The next step was the grid itself. “PRG came up with a clever solution,” says Morgan. They built a platform that was about 15 feet wide and as deep as the stage, and then rigged it off chain hoists, like a window-washing scaffold. They could go up and down stripping out the old grid; installing the new steel beams; then put in the new grid floor.

Easier said then done according to Gallo. “The head block beams were tricky to install because they had to be put in at a very high elevation and there was no way to lift them to that height. Typically head block beams are put in as the building is being built when they have a crane outside. The beams were like 70-80 pounds per foot and they were around 40-feet long. So we ended up drilling holes in the roof; put chain motor stands on the roof sitting on steel beams bridling across roof structure; and actually lifted the head block beams into position. We couldn’t put them in as one piece, we had to put them in by sections and then they needed to be welded together.”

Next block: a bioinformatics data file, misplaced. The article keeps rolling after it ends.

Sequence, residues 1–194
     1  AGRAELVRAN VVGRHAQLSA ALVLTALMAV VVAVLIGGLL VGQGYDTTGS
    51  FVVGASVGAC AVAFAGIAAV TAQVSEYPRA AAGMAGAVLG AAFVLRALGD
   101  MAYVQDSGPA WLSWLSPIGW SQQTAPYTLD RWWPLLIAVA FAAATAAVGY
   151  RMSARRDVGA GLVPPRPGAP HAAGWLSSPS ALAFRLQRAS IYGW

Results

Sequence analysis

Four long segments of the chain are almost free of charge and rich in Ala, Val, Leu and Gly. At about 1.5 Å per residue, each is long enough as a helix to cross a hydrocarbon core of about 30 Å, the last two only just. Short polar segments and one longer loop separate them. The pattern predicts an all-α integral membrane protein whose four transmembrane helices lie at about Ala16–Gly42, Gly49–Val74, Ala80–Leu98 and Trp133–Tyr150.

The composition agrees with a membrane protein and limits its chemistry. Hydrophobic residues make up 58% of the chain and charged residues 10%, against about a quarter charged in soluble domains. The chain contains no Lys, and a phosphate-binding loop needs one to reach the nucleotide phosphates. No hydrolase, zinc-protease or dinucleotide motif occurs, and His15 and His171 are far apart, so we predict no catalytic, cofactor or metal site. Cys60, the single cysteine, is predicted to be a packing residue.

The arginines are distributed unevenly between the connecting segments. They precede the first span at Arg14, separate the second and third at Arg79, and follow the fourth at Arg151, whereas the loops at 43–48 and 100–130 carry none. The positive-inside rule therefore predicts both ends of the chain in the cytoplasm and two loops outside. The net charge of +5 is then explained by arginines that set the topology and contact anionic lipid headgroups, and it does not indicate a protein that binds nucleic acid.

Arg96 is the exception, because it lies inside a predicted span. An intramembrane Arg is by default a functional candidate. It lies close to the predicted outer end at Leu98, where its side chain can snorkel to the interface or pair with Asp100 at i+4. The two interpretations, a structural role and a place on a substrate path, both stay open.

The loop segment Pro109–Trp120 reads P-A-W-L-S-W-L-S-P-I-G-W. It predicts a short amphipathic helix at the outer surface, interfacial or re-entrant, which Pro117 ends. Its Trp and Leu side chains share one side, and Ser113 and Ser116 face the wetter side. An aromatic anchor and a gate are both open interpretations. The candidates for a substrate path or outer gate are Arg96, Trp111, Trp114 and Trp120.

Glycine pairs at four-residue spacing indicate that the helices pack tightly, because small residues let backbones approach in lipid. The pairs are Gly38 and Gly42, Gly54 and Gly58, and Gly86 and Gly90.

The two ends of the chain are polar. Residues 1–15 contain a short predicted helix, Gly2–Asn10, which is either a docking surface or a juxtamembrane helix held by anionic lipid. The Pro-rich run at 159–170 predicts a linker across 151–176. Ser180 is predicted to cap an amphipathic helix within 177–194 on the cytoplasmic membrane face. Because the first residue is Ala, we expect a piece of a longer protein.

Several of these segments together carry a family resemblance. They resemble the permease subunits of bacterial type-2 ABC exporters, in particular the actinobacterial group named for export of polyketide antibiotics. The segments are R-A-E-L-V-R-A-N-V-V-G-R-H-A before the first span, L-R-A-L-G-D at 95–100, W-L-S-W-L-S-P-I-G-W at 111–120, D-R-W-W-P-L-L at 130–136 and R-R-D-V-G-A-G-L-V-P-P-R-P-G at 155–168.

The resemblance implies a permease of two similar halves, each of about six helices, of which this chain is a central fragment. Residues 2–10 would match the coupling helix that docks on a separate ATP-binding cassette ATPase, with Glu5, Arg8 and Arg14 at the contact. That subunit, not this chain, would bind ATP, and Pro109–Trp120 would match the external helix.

Gallo worked closely with Nolan Engineering Services to solve another rather tricky challenge. “The beams that were in the building are pre-1920s steel, and the actual chemical mix of steel was different then,” comments Gallo. “So that steel has less carbon in it—which for us meant the issue was it is very difficult to weld through it. So all of our connections were done with a novel approach that the structural engineer came up with, a bracket to connect all the old steel to the new grid.”

Bringing Electricity